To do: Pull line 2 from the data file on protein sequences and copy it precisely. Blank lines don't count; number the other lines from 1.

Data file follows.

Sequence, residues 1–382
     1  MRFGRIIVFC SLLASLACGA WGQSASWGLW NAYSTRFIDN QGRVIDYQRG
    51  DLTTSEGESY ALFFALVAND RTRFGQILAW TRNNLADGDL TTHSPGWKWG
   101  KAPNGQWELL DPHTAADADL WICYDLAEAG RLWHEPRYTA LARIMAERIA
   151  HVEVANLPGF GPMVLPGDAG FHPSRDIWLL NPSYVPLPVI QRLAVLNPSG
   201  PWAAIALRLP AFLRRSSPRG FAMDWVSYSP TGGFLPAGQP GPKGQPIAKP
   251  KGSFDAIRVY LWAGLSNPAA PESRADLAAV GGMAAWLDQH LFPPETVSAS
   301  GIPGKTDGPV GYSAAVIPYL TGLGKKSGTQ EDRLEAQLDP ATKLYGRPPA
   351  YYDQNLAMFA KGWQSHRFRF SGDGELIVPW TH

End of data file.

     1  MRFGRIIVFC SLLASLACGA WGQSASWGLW NAYSTRFIDN QGRVIDYQRG